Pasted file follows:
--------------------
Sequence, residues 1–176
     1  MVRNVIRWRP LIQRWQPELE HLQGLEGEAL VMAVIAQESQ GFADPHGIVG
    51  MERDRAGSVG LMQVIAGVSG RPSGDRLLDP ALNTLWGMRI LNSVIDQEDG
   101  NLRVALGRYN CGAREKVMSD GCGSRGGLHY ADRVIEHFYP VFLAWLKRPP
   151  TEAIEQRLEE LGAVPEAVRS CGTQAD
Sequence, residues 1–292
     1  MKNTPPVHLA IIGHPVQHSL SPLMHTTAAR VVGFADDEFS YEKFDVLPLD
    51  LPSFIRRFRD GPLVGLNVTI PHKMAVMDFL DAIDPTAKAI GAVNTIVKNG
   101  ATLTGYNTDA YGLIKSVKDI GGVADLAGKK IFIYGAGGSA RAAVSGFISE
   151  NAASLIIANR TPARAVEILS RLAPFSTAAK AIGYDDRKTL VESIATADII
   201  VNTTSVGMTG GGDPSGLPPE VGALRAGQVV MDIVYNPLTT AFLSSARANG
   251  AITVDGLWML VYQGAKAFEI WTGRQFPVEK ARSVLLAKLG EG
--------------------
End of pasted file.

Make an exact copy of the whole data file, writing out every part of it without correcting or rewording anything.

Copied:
Sequence, residues 1–176
     1  MVRNVIRWRP LIQRWQPELE HLQGLEGEAL VMAVIAQESQ GFADPHGIVG
    51  MERDRAGSVG LMQVIAGVSG RPSGDRLLDP ALNTLWGMRI LNSVIDQEDG
   101  NLRVALGRYN CGAREKVMSD GCGSRGGLHY ADRVIEHFYP VFLAWLKRPP
   151  TEAIEQRLEE LGAVPEAVRS CGTQAD
Sequence, residues 1–292
     1  MKNTPPVHLA IIGHPVQHSL SPLMHTTAAR VVGFADDEFS YEKFDVLPLD
    51  LPSFIRRFRD GPLVGLNVTI PHKMAVMDFL DAIDPTAKAI GAVNTIVKNG
   101  ATLTGYNTDA YGLIKSVKDI GGVADLAGKK IFIYGAGGSA RAAVSGFISE
   151  NAASLIIANR TPARAVEILS RLAPFSTAAK AIGYDDRKTL VESIATADII
   201  VNTTSVGMTG GGDPSGLPPE VGALRAGQVV MDIVYNPLTT AFLSSARANG
   251  AITVDGLWML VYQGAKAFEI WTGRQFPVEK ARSVLLAKLG EG